Q. OK, give me one more thing.
A. That’s not a question (it’s more of a bossy order), but I do a lot of long exposures, and it has a really nice feature where you use its touch screen to take the shot (no cable release necessary) and then it times your long exposure for you on the big LCD screen [with big easy-to-read numerals). Well, there’s that and it’s just easier to do long exposures on a mirrorless camera. Of course, that applies to any mirrorless, but together it’s another plus. I know you only asked for one, but one thing I love is when you turn off the camera to change lenses; a little door comes down over the sensor opening, so junk doesn’t get on your sensor. I super dig that.
Q . So, does your 5D Mark IV now become your backup camera?
A. Yup, pretty much. I sold my old 5D Mark III (which was my backup camera) and my old 16-35mm f/2.8 lens on eBay and those pretty much paid for my upgrade. Now my 5D Mark IV will be my backup camera in most cases, but I could still see me using it for studio work. I’m not sure how I feel about an Electronic Viewfinder in the studio — I’ve done it, but not enough to make a final call.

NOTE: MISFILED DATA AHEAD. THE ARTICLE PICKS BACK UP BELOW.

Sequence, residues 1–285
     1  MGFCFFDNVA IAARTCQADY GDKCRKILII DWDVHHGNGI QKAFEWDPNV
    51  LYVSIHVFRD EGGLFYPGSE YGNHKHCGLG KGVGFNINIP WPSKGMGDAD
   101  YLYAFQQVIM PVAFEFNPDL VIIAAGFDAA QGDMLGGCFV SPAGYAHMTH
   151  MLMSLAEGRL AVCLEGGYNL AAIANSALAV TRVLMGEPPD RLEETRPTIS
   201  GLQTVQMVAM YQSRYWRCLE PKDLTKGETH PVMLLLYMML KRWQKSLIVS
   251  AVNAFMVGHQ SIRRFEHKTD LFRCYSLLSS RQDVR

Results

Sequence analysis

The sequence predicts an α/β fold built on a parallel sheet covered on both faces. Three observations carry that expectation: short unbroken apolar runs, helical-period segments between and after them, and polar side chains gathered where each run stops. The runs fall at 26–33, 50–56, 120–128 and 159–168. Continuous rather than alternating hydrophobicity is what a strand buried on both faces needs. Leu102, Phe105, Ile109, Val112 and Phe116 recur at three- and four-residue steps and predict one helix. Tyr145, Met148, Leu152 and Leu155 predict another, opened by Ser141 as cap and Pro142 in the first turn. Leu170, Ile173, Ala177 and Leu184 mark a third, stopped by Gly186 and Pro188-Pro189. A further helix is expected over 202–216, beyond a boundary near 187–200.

Q. Does it tether to Lightroom Classic yet?
A. It does, but only for the past few days. Tuesday’s Lightroom Classic update included the ability to tether the EOS R into Lightroom. Whew! Just in the nick of time.
Q. I always thought Canon sent you all your cameras for free?
A. I hear that a lot (saw some comments that said that same thing on The Grid this past Wed). Unfortunately for me, they do not. I have to buy them, but again, B&H Photo had it for $300 off, so I bit (thanks B&H). Really glad I did.
Q. I see from the picture up top that you bought the Control Ring Mount Adapter. What does it do, and why did you get it?
A. The Adapter part lets me use my existing Canon lenses on this new mirrorless body. The Control Ring part lets me assign a camera function to a ring that goes around the adapter. For example, I like to assign Exposure Compensation to that ring. My hand is already right there, so it’s incredibly convenient. I fell in love with that feature when I had the loaner. It’s so brilliant, I’m surprised someone else didn’t think of it first.
Q. How do you feel about the Electronic Viewfinder?
A. I’m getting used to it. It’s definitely different and it has a few nice features to it, but if given a choice I still like my regular ol‘ viewfinder. I’ll probably get used it. Well, I’m pretty sure I will, because it’s now my main camera.
Q. How much lighter is it than your old body?
A. Not enough to matter. Around 1/2 pound. It is physically a smaller camera, but for the most part, the whole “Mirrorless is lighter” thing on any platform (Sony, Nikon, Canon, etc.) is pretty much negated by the fact that as soon as you put a nice f/2.8 lens on it, it’s about as heavy as your old DSLR rig. I didn’t go mirrorless for lower weight anyway (especially since it really doesn’t exist in any meaningful amount); I did it for all the other reasons (well, that and the fact that it’s pretty much the future).
Q. Will you be buying any new lenses for it?